Last week I went to an anonymous hotel room to meet a complete stranger, strip down to my underwear and pose for photos.
This is not something I make a habit of doing, especially not as a happily married lady, but this was a different sort of hotel room liaison.
Last week I became part of the 4th Trimester Bodies Project, and it was in equal parts a humbling and empowering experience.
The brainchild of Ashlee Wells-Jackson, this project has profound meaning for her and for those of us who are lucky enough to participate:
The project exists because women are judged too crudely on the way we look and are often told we don't measure up. Because no real person can compete with the tools in Photoshop and glossy magazine covers. And because motherhood is sacred and should be celebrated.
There is a lot of secrecy around the location and format of each shoot - and rightly so, these are personal and often visceral journeys we are sharing - but Ashlee and her partner Laura are careful to honour them with calm, quiet and safe surroundings.
Before starting the shoot, Ashlee spent some time interviewing me about my journey through motherhood. The final question she asked is why I wanted to be part of the project.
That was a hard question for me to answer.
The truth is that like a lot of women I have a complex relationship with my body. There are parts I think look fabulous, there are parts I think wobble more than they probably should.
It's wrong to say that I don't care how my body looks because I am human, so I care that I am no longer a gravity defying 18 year old just as much as I am proud to be a gravity embracing 36 year old.
The truth of me is this: I'm a mama who has grown three children, who has a healthy relationship with food, who puts more emphasis on fitness than thinness.
I work full time, I parent, I write, I live and I love.
All of these things coexist and demand compromise and all of them form a part of who I am.
I am a woman of worth.
There is as much discussion today as there ever has been around the rightful place of a woman. The internet has brought freedom of expression not only to those of us who recognise that we bear a responsibility in how we use our voice, but to any damn fool with a keyboard and an appendage to poke at it.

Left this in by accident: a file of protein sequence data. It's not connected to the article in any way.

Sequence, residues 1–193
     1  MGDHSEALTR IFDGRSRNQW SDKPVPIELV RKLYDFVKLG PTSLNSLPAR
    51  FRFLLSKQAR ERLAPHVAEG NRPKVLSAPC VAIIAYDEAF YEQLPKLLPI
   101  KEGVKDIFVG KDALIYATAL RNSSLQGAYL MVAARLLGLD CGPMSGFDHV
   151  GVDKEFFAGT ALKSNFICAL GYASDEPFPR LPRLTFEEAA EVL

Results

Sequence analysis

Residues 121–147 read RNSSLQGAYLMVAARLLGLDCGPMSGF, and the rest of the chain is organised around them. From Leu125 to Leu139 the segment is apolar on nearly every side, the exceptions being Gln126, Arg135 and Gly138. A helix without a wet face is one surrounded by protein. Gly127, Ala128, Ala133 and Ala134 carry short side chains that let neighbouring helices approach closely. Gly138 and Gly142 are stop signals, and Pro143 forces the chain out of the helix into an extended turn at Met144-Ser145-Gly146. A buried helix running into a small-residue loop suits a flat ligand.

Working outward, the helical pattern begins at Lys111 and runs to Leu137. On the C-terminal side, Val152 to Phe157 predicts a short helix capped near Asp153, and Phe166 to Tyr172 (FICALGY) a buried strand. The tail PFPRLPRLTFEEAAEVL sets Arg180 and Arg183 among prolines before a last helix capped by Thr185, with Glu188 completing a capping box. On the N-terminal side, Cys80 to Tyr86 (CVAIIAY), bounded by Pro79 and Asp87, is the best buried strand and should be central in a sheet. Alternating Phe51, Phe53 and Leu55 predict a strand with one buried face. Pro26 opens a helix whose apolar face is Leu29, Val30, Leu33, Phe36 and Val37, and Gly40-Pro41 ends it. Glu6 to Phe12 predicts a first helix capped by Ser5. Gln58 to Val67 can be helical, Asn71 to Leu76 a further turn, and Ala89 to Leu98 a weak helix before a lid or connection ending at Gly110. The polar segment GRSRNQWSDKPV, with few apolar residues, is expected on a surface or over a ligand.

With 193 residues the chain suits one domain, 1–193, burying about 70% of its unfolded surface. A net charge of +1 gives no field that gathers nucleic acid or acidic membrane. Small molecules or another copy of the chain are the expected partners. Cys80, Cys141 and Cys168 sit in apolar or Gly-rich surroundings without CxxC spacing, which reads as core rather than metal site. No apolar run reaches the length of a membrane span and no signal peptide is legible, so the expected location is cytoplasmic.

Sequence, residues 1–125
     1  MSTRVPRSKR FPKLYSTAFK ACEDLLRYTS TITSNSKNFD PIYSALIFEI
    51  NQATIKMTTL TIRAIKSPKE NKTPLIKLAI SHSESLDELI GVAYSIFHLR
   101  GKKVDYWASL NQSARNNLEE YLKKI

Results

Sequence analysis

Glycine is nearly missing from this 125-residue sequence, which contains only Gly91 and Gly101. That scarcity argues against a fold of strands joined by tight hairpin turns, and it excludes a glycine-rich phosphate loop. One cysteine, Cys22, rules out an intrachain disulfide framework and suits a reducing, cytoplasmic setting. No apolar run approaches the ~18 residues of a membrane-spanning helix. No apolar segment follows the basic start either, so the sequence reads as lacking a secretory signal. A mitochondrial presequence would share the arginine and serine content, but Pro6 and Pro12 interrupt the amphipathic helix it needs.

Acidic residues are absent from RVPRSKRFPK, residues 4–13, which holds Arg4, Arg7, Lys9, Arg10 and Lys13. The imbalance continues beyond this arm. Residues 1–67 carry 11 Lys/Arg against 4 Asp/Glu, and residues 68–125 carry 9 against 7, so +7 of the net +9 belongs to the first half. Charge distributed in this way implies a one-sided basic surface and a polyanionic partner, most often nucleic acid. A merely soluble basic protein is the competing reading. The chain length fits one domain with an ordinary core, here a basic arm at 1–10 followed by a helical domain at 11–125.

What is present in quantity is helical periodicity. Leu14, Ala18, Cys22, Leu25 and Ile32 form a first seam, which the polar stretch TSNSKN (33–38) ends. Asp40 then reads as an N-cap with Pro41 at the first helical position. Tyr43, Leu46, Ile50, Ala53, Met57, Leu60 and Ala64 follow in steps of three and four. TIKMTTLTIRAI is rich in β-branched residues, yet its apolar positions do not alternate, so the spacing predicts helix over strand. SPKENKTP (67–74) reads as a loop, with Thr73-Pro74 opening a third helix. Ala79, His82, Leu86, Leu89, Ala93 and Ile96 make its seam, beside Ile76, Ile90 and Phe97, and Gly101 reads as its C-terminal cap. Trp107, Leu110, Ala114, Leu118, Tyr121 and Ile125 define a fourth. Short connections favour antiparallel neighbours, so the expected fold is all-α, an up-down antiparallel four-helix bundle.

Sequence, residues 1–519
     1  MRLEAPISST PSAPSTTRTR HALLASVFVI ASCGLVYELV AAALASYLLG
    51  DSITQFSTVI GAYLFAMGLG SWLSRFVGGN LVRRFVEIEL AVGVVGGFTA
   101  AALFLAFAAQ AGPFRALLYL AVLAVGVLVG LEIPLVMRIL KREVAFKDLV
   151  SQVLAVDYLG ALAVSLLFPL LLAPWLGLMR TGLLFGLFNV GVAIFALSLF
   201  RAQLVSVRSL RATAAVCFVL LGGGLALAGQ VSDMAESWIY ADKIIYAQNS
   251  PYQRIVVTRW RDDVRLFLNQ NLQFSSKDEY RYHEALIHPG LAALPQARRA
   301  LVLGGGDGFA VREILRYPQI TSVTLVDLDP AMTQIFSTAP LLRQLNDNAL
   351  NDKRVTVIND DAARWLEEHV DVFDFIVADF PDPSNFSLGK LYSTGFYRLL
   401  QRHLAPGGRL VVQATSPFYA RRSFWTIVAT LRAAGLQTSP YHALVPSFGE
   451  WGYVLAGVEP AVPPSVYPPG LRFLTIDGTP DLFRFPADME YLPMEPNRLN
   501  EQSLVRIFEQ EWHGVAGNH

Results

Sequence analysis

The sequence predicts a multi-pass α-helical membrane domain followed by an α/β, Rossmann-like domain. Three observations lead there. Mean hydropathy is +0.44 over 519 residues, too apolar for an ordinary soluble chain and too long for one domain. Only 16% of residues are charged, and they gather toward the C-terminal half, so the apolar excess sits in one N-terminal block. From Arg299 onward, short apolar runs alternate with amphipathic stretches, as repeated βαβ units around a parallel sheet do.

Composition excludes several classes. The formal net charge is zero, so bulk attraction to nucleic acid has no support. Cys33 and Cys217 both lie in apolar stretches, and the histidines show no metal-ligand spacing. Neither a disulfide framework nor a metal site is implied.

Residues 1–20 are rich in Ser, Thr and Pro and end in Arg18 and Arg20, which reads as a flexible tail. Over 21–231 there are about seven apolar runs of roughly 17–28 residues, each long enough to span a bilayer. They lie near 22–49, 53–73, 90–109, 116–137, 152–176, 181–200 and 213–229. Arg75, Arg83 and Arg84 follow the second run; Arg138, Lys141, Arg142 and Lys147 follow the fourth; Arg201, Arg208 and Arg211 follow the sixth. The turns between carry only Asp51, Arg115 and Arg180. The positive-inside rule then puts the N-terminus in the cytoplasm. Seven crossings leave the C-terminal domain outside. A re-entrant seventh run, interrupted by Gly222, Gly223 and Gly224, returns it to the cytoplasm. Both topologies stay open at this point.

The world is a noisy place and, for the first time in history, my children will grow up to the sound track of this never silenced crowd: The feminists, the men's right activists, the backdrop of systemic gender roles, point and counter point, anywhere, any time.
My voice is only one.
I remember St Valentine's Day as a child. Each year I would receive a card and a little token from my mum and each year I remember thinking that it didn't"count" because it was in her job description to love me. My beauty wasn't validated by her, but by the attentions of whichever awkward boy I had in my sights at that time. Boys who, in reality, barely knew I existed and yet who unwittingly held my entire future happiness in their hands. At least for that week.
It's a privilege of age to look back at that time with a sense of perspective.
Now it is time for me to pick up the mantle of unconditional love for my children and demonstrate that worth is not bound by physical perfection or the whim of others.
Melissa Atkins Wardy wrote recently about how "the daily, sometimes gruelling work of instilling in our daughters an unshakable knowledge that she has worth. Everything else in the world will tell her otherwise. We have to raise our daughters in such a way that when we send her out into the world she has the heart and courage of a lioness."
So what drove me to become part of the 4th Trimester Bodies Project?
It's me, with my one voice, showing my children, with all my heart and soul, as the product of every part of my 36 year journey, what it means to be a woman of worth.Suggest a correction